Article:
Quantifying global agricultural water appropriation with data derived from earth observations

Citation:
Wu, B., F. Tian, M. Zhang, S. Piao, H. Zeng, W. Zhu, J. Liu, A. Elnashar, and Y. Lu, "Quantifying global agricultural water appropriation with data derived from earth observations", Journal of Cleaner Production, vol. 358, pp. 131891, 2022.

Abstract:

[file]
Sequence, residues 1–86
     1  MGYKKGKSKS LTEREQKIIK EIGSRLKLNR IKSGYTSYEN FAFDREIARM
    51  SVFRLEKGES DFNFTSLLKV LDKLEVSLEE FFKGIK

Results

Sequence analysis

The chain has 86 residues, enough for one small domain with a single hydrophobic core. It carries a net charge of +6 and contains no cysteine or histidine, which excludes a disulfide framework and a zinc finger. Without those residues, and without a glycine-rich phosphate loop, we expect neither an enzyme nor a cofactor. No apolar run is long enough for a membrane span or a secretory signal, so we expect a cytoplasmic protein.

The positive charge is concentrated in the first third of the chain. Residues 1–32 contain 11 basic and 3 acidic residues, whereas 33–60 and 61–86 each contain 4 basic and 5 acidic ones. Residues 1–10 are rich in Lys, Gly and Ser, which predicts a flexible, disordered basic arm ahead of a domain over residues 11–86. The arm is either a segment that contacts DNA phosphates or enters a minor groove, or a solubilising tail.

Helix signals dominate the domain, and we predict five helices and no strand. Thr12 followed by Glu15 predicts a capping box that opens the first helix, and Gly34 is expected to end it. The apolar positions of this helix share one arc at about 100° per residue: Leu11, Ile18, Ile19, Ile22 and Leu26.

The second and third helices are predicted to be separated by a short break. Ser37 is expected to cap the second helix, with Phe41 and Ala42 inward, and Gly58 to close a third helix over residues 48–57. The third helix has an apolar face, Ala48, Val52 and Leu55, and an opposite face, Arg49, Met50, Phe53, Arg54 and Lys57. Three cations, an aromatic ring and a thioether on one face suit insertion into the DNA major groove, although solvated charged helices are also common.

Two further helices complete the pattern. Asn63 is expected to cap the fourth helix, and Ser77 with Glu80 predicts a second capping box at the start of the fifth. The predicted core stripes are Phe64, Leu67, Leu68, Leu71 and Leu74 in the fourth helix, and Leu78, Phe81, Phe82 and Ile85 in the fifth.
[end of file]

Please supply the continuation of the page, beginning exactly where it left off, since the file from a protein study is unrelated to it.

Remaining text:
Agricultural water appropriation has undergone rapid changes in recent decades, but estimates of global water appropriation have not been updated with the latest data and consistent methods. Documenting these changes is challenging given the heterogeneous water use landscape and the growing influence of human activities worldwide, and this complexity cannot be well addressed with the existing methodology, which is subject to large model uncertainties. Here, a spatial analysis and aggregated method was proposed to quantify and refine estimates of global agricultural water appropriation (GAWA) in terms of consumptive freshwater use, with data derived from Earth observations, independent of estimates from hydrological models. The results show the global water appropriation at the pixel scale, in agroecological zones and in the main water-consuming countries, including global maps of rainfed and irrigated cropland evapotranspiration (ET), net water consumption due to irrigation, natural ET and renewable freshwater resources (RFWR), and indicate that agriculture remains the largest user in terms of both water consumption and withdrawals worldwide, representing 87% of global water consumption, with approximately 60% of global freshwater withdrawals devoted to irrigation circa 2015. The percentage of withdrawals devoted to irrigation has decreased in recent decades when compared to the previous estimate of 70%. The results reveal the actual global crop consumptive use (8053.6 km3/yr) of blue and green water and the total human water consumption (8442 km3/yr), which represents the part of the water cycle affected by human intervention, mainly (95.4%) by agriculture. This study reveals that high-resolution irrigated croplands are essential for accurate estimations of water use appropriation and demonstrates that earth observation-derived data can provide a new understanding of global water use landscape. The study can support decision making in sustaining food and water security, and implementing water-adapted sustainable agricultural policies.

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